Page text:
Posted: 12 Feb 2013
Style-wise, the TNT 899 manages to be different to the mass of naked bikes around it. Its far forward headlight is unusual but no different to Triumph’s Street and Speed Triple dual light offerings. But while the Triumph Speed Triple is sharply dressed, the TNT, especially the underseat exhaust, is definitely looking old-fashioned.
The three-cylinder machine isn’t half bad for delivering respectable grunt from the off and is topped off with a healthy smattering of power. Fuelling can be a little ‘fluffy’ especially when going from a closed throttle to full open at low revs, but it’s very rare you dip into this area. But all is forgiven when the addictive sound of the three-cylinder penetrates helmet and ear plugs – the drone of a triple at full cry is as unmistakeable as the smell of chips and vinegar.
Gearshifts are a lot healthier on the left foot compared to Benellis of old. In fact the engine itself is a lot sweeter than the coarse old 900cc machines that did for Benelli sales what Myxomatosis did for rabbits. On the whole it’s a good engine that is equally happy at being thraped as it is stooging along policed highways. But beware the downside of enjoyment, which is heavy fuel consumption. The worst noted was 31.3mpg compared to ‘normal’ riding where 44.7mpg was the average.
In terms of comfort, it is a definite thumbs up for the TNT. Pegs aren’t high and the bars are nicely placed to keep all shapes and sizes happy. Surprisingly, being as the TNT is born of Italian racing heritage, the seat is a proper comfy perch. Not touring spec, obviously, but it’s fine for 170-mile ride-outs.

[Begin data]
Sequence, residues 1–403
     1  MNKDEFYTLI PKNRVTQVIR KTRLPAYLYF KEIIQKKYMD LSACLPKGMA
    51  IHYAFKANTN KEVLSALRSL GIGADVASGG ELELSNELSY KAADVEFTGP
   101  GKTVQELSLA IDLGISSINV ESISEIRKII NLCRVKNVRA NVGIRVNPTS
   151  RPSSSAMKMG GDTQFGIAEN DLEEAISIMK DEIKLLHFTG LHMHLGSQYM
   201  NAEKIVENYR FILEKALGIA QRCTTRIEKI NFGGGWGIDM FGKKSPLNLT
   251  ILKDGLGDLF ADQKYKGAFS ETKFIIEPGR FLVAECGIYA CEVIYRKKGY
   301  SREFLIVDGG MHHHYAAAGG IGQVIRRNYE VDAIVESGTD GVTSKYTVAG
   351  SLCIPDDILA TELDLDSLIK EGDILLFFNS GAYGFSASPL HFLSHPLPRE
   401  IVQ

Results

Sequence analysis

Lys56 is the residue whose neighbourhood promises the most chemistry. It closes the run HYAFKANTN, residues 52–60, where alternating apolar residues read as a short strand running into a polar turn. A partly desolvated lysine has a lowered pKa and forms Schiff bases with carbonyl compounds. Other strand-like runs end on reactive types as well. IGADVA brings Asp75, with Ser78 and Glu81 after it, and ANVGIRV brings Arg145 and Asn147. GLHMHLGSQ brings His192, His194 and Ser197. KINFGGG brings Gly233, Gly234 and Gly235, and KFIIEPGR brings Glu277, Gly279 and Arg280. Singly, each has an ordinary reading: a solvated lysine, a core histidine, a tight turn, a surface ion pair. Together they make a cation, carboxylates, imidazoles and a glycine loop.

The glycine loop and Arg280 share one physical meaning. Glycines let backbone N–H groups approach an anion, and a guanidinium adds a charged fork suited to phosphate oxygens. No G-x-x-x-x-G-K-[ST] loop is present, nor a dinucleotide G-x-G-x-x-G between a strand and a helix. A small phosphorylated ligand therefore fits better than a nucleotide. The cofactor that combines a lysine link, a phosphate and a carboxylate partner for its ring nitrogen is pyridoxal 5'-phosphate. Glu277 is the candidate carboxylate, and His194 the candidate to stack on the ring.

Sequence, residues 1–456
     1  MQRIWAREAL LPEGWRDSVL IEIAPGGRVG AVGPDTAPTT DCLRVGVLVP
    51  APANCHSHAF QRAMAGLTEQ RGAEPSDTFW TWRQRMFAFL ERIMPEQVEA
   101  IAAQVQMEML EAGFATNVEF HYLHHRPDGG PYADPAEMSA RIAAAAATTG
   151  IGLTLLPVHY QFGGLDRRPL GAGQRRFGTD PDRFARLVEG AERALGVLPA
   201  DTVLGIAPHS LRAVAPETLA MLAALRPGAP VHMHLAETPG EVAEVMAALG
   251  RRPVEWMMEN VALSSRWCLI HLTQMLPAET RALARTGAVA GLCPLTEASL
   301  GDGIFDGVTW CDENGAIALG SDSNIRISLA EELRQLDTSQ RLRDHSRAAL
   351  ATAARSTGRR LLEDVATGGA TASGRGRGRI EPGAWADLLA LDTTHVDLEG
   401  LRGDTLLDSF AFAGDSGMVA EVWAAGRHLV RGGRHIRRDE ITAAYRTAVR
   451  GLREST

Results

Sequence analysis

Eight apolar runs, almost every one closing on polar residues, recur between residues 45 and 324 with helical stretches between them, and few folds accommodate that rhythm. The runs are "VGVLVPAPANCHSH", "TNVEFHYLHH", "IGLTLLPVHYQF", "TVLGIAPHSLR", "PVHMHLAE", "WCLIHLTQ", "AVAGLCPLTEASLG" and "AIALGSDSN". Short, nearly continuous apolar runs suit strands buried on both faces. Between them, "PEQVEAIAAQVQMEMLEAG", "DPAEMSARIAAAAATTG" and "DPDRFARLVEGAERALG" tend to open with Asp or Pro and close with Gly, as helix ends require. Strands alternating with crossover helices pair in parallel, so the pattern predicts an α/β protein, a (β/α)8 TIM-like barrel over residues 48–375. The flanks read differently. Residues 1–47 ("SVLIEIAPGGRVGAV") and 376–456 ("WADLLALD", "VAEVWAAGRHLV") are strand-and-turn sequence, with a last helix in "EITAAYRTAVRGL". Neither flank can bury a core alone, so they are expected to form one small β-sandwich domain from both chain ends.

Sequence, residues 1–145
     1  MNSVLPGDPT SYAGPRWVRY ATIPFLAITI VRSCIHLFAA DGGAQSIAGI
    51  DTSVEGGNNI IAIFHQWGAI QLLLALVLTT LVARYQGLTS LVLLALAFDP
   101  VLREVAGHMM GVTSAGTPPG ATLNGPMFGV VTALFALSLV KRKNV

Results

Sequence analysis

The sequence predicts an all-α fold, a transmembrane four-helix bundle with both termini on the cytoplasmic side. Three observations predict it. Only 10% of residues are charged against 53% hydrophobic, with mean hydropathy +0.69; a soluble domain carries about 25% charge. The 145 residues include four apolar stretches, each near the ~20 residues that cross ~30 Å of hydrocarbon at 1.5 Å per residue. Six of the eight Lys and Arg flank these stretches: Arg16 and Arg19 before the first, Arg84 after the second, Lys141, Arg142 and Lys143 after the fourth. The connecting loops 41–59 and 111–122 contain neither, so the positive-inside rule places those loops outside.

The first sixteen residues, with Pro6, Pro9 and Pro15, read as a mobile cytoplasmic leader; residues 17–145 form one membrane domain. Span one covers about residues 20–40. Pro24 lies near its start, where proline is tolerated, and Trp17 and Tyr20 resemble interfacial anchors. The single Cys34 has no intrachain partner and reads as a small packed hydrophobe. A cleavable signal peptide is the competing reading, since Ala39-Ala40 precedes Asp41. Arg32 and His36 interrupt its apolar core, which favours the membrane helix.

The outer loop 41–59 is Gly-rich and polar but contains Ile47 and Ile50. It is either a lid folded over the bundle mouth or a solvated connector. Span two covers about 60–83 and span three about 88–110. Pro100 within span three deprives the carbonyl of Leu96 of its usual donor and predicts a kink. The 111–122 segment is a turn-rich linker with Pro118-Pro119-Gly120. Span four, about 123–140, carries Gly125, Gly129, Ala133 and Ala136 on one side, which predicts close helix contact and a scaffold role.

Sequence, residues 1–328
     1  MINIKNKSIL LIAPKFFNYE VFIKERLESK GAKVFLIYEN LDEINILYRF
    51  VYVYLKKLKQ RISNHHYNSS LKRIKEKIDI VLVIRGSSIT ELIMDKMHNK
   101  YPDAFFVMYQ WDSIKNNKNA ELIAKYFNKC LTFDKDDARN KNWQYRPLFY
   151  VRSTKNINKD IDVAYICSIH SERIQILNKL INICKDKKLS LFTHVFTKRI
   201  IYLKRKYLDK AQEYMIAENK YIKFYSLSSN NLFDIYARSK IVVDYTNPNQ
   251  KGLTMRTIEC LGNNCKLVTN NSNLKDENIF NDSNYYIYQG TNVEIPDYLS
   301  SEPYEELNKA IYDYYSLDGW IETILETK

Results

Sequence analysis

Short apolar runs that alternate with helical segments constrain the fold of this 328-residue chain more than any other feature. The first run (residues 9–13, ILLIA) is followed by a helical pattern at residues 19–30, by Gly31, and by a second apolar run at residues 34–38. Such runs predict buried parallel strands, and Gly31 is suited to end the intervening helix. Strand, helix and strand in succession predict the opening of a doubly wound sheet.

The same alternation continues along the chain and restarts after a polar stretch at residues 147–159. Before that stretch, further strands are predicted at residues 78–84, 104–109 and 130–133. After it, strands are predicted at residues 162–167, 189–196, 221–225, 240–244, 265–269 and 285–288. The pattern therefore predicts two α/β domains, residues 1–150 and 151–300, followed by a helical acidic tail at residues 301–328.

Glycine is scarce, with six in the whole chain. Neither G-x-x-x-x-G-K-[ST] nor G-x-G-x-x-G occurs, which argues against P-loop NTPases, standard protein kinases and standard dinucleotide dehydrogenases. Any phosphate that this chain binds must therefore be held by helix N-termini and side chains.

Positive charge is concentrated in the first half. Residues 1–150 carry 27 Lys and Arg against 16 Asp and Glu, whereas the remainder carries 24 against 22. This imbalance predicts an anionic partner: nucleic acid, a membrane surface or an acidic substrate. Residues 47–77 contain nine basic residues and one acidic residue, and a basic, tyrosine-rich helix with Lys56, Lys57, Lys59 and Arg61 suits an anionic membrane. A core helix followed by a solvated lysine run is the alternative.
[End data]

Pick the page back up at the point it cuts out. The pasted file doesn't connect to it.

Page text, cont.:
Helping to keep the idea of a Benelli purchase on the boil is a chassis that is stiff and delicious when the going gets going. The tubular side sections glued and pinned to stiffening plates is unusual, but gets merit for being so. Suspension is non-adjustable, but Benelli has got it spot on from testing stage to deal with UK roads – must mean Italian roads are worse than the UK’s?
It’s no slug when it comes to cornering. Pull or push on the bars and the TNT rolls over in a neutral, relaxed way. It certainly won’t scare anyone – if anything, it is a tad too stable because faster cornering speeds will see the bike under steer. Not by much, but enough to learn what under steer is when you don’t stay on the line you’re aiming for.
So, the big question: should you buy a Benelli? Can’t say for the other models but the TNT (Tornado Naked Tre) 899 is worth a good look. Reliability issues of old are best forgotten about because the latest tackle appears to be holding up quite nicely. One to chew about is the 899.
+ points – not everybody has one. Styled to be different but it all works.
- points – starting to look dated. More widely known machinery is available for the same performance and less money.
Power: 118bhp, 65ft lbs
Kerb weight: 215kg
Seat height: 830mm